Helm runs through multiple policy failures on the road to the beginning of the end of the fossil fuel ageby Isabel Hilton / March 15, 2017 / Leave a comment
Published in April 2017 issue of Prospect Magazine
Burn Out: The Endgame for Fossil Fuels, by Dieter Helm (Yale, £20)
There is much to admire in Dieter Helm’s latest book, Burn Out. It is a characteristically dyspeptic account, by the professor of energy policy at Oxford, of multiple policy failures on the road to the beginning of the end of the fossil fuel age. Yet he saves most of his scorn for NGOs and European politicians. He argues they promoted the expensive and ineffective remedies of intermittent renewables and carbon trading, while failing to anticipate the rise of China. His evidence? Emissions continued to rise throughout the period of the Kyoto Protocol. His solution? Use gas while waiting for better technology.
It is a bracing argument, but an unfair one. If politics is the art of the possible, a glance across the Atlantic reveals many worthier targets for his indignation. Human affairs are messy, and economic wisdom, even Helm’s, does not translate directly into policy without politics. He is right that a carbon tax might yet prove more effective than trading. But trading was adopted at Kyoto to try to accommodate tax-hating US politics.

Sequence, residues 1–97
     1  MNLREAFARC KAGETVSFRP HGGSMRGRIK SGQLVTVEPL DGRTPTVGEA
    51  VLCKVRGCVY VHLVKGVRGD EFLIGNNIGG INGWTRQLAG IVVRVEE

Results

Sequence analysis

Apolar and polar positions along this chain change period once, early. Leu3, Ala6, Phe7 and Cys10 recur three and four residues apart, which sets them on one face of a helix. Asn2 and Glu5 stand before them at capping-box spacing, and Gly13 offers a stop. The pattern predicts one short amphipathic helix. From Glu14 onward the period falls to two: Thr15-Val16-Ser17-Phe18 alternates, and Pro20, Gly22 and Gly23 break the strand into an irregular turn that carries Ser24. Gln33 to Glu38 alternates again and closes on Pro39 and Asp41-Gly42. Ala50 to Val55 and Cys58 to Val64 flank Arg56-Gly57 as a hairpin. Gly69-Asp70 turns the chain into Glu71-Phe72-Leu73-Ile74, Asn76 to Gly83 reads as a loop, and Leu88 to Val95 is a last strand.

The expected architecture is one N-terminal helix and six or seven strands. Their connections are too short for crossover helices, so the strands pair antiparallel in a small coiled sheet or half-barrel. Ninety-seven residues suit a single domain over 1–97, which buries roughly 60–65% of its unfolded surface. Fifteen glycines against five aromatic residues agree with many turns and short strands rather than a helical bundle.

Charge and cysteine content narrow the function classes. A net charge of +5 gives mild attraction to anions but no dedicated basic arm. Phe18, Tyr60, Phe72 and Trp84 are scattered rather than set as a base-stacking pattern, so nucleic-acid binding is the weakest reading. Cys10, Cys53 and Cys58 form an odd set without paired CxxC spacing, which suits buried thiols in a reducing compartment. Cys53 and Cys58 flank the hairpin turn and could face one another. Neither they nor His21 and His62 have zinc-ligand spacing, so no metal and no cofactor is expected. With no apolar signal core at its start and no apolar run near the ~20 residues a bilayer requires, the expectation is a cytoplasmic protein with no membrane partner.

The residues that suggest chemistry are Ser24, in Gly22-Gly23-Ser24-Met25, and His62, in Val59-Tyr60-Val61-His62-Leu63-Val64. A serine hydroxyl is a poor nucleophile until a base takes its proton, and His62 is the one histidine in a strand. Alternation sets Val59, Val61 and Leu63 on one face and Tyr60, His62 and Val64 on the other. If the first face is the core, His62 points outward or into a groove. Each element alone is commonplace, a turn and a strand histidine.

The market ignores catastrophic externalities unless policy forces them on to the books. The rest of the argument is about how to do it. Equally, low-carbon technologies do not happen spontaneously in a market dominated by fossil fuels. They need investment and policy support. Today there are important efficiency gains and impressive price falls i…